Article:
The best time of year to treat Japanese climbing fern is July through September before spore dispersal. Still, it is better to treat at any time during the growing season (except for early spring) than not to treat at all. When using herbicides, always read and follow the label.


Table 1. Recommended Herbicide Rates for Japanese Climbing Fern Control

a Herbicide is soil active and can damage nearby plants. Not for residential use
b Ready-to-use (RTU) products with ≥ 2% glyphosate can be used. Read label and do not use products advertised as quick or fast-acting; these will top-kill the plant but not the rhizomes.
c IPT (individual plant treatment) is the term used to distinguish herbicide rate recommendations on a percentage basis rather than a per-acre basis, which is used for broadcast treatments.
d Include a non-ionic surfactant at 0.25–0.50% v/v (volume/volume) if not already included in the product formulation.
Herbicide Active IngredientExample Trade Name(s)Application MethodRateSiteNotes
GlyphosateRoundup or generics (41% active ingredient)bFoliar IPTc2% v/vdResidential, industrial, forestry, range, pasture, ROWAvoid contact with desirable plants. Follow-up treatment is needed in most cases.
GlyphosateRoundup or generics (41% active ingredient)Broadcast foliar64 oz/AdIndustrial, forestry, range, pasture, ROWAvoid contact with desirable plants. Follow-up treatment is needed in most cases.
Metsulfuron methylaaEscort, MSM 60Broadcast foliar2 oz/AdIndustrial, forestry, range, pasture, ROWMetsulfuron methyl is both soil and foliar active and can harm desirable trees. This herbicide cannot be used on or under longleaf pine trees.
Glyphosate + metsulfuron methylaRoundup or generics (41% active ingredient) + Escort, MSM 60Broadcast foliar64 oz/A + 2 oz/AdIndustrial, forestry, range, pasture, ROWA mix of 64 oz. of glyphosate and 2 oz. of metsulfuron methyl can be applied for enhanced control on extreme infestations. Follow-up herbicide application is still needed. Do not use metsulfuron methyl around desirable trees.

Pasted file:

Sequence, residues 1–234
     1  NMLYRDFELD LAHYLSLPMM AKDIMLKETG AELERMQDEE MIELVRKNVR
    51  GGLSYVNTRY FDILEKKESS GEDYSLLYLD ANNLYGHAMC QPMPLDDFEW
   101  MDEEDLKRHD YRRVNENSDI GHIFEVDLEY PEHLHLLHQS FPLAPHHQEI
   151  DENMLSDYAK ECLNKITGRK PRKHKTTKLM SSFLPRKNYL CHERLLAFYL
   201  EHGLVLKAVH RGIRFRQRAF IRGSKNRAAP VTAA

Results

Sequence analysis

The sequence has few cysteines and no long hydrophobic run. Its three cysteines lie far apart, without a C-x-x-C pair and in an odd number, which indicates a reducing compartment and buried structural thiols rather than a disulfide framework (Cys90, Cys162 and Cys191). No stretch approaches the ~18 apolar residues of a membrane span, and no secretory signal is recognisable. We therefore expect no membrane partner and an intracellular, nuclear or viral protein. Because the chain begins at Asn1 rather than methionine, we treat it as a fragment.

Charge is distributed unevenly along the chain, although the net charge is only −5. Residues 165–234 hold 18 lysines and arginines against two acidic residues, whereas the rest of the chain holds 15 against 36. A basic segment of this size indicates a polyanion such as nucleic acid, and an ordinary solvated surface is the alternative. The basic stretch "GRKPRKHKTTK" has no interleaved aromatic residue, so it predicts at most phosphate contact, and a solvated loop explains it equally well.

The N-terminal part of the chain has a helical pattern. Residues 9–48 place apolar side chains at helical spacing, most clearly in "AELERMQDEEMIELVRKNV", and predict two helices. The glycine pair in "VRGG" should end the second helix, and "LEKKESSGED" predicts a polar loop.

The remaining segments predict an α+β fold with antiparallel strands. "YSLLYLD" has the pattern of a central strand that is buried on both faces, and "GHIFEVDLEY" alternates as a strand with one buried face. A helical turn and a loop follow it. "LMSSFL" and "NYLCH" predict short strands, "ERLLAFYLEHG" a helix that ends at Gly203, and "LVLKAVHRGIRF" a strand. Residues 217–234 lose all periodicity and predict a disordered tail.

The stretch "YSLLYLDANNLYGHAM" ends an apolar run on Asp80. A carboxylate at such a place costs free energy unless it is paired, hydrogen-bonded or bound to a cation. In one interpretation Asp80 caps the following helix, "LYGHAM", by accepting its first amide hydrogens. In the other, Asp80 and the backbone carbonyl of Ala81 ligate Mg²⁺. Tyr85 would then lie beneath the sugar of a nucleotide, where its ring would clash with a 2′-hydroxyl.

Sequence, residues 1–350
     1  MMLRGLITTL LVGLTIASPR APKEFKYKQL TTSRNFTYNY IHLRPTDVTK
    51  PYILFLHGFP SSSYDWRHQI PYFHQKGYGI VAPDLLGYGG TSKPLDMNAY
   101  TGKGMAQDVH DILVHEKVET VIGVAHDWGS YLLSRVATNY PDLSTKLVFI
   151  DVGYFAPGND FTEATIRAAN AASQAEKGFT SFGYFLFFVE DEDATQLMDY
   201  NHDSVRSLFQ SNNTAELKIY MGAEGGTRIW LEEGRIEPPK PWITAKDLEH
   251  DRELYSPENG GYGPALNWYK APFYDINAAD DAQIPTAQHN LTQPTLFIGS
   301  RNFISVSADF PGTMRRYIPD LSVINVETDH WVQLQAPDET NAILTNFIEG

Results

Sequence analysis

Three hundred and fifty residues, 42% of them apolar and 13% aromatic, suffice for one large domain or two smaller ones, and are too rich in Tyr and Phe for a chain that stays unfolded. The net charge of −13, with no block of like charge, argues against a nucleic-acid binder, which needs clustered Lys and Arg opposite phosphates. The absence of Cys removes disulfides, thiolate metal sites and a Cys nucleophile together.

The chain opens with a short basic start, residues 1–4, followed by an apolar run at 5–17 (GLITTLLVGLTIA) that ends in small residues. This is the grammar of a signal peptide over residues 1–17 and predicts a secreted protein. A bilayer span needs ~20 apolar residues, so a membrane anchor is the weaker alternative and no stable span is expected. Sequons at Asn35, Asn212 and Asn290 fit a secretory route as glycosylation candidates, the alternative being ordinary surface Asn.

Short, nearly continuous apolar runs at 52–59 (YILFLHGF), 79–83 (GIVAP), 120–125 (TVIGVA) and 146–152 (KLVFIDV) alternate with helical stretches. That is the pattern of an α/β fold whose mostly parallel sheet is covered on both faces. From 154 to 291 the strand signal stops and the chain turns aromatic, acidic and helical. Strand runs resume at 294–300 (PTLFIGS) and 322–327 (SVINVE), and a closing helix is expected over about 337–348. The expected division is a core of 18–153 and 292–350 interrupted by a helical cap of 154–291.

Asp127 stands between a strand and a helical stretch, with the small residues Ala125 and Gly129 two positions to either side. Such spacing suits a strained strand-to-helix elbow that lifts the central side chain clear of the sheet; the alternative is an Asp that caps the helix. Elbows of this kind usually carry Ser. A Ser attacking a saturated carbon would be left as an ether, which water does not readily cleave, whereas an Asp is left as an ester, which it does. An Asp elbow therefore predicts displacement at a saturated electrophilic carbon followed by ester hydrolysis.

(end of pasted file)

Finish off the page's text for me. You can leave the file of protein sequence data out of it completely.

• Alabama Department of Agriculture and Industries. Administrative Code, Chapter 80-10-14 – Noxious Weed Rules. Statutory Authority: Code of Ala. 1975, h2-25-4. History: New Rule: Filed August 11, 2000; effective September 15, 2000.
  • Bohn KK, Minogue PJ, and Pieterson EC. 2011. Control of Invasive Japanese Climbing Fern (Lygodium japonicum) and Response of Native Ground Cover During Restoration of a Disturbed Longleaf Pine Ecosystem. Ecological Restoration. 29: 346-356.
  • Miller JH, Chambliss EB and Loewenstein NJ. 2010. A Field Guide for the identification of invasive plants in southern forests. Gen. Tech. Report SRS-119. Ashville, NC: US Department of Agriculture, Forest Service, Southern Research Station. 126 p.
  • Minogue PJ, Bohn KM, Osiecka A and Lauer DK. 2010. Japanese Climbing Fern (Lygodium japonicum) Management in Florida’s Apalachicola Bottomland Hardwood Forests. Invasive Plant Science and Management 3(3): 246-252.
  • Munger GT. 2005. Lygodium spp. In: Fire Effects Information System, [Online]. U.S. Department of Agriculture, Forest Service, Rocky Mountain Research Station, Fire Sciences Laboratory (Producer).


Peer ReviewNancy Loewenstein, Extension Specialist, and J. Ryan Mitchell, Regional Extension Agent, both in Forestry, Wildlife, and Natural Resources, Auburn University

New October 2022, Japanese Climbing Fern Identification & Control, FOR-2121

Download this article as a PDF